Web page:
Reverend James Meeks Meeks is considered a front runner for the job. He's a state senator and a powerful politician with a large black following.
The civil unions bill passed the General Assembly last week, and Gov. Pat Quinn has promised to sign it into law in January.
But James Meeks, the only Senate Democrat to vote against the bill, won’t let the issue go. In a Sunday interview on WMBI, the radio station of the Moody Bible Institute, Meeks said churches in Illinois are “under condemnation” for not working harder to stop the bill.
According to an Associated Press story, “Meeks told WMBI radio that the church failed to be the ‘salt and light’ that Jesus commissioned to preserve and enlighten society. The politician-pastor says that’s what he hopes to do if Chicagoans elect him mayor next year.”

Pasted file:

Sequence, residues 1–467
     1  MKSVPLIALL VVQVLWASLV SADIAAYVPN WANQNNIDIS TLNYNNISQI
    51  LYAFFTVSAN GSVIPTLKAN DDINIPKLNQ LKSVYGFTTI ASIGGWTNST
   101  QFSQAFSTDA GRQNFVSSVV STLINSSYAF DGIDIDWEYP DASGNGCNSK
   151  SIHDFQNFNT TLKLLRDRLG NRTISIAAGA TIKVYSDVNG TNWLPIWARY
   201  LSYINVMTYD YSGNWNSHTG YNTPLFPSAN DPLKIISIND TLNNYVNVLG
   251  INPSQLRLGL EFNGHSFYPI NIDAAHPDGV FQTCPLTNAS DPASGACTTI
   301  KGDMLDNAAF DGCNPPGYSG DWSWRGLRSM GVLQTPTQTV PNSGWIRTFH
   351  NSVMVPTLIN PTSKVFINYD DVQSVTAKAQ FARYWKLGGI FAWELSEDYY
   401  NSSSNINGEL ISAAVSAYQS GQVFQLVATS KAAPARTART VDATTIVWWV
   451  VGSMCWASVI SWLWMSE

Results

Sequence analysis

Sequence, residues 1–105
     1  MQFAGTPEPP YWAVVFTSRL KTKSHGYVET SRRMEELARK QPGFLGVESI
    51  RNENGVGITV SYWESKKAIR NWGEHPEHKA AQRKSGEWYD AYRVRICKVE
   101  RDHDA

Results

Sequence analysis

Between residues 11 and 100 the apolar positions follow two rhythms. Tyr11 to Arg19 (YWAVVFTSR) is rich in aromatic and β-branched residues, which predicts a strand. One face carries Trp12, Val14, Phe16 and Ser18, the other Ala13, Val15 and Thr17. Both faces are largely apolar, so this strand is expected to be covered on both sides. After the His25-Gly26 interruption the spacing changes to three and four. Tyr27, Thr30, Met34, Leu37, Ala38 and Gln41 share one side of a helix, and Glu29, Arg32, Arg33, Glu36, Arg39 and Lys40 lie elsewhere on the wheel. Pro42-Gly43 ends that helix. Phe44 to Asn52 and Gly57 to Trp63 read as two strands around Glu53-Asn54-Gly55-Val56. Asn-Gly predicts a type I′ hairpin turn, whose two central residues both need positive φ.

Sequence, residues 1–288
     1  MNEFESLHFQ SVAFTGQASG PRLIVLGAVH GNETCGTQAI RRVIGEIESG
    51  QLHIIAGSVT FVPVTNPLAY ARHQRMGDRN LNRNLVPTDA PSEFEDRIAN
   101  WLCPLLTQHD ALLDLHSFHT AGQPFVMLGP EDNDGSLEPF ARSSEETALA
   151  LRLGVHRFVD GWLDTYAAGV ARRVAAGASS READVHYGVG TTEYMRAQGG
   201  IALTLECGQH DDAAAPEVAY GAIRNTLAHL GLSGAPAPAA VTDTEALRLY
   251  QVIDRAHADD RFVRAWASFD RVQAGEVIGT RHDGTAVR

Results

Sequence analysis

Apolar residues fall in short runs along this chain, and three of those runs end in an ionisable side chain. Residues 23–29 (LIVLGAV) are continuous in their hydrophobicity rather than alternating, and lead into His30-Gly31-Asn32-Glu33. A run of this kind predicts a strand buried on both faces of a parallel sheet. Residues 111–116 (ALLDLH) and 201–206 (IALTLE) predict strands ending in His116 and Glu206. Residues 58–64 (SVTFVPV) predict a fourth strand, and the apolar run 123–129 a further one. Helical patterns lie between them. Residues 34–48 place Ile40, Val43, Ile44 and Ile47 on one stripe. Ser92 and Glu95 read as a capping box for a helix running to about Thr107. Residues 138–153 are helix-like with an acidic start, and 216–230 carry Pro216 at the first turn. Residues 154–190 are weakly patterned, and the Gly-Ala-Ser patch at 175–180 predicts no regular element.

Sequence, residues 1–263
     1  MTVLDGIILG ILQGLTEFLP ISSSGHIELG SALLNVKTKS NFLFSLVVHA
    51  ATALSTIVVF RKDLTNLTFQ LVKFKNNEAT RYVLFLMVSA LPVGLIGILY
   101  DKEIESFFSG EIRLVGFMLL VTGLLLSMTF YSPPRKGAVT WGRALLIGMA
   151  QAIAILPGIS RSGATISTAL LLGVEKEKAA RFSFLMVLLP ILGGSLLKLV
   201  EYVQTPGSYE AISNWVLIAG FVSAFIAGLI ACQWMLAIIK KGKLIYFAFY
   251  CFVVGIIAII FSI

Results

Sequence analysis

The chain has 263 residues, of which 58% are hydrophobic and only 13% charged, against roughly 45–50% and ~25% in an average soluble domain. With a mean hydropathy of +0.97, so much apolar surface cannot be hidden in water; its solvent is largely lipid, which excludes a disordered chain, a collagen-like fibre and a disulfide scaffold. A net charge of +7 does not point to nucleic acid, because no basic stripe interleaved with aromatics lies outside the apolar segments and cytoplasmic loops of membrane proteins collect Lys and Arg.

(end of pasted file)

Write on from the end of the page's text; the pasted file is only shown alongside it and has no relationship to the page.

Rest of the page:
It’s not fair to say the churches didn’t work hard to stop civil unions. The bishop of Springfield, Thomas Paprocki, went so far as to tell Gov. Pat Quinn that he was violating his Catholic faith by supporting the bill.
Of course, any hopes the gay community had for a rapprochement with Meeks was dashed by last week's vote. A week ago, Equality Illinois executive director Rick Garcia said he was hopeful for the support of Meeks, who told him that “I haven’t said yes and I haven’t said no” to civil unions.
Now, Meeks has not only said no to civil unions, he’s attacked the process by which they were approved. After the vote, he told reporters that a measure this momentous should have been subject to a statewide referendum.
Meeks may have thought he was speaking only to his fellow evangelicals on WMBI, but when you’re a candidate for mayor, the entire city listens to what you say. Meeks was on the losing end of the civil unions vote. He needs to move on and talk about issues he can do something about as mayor.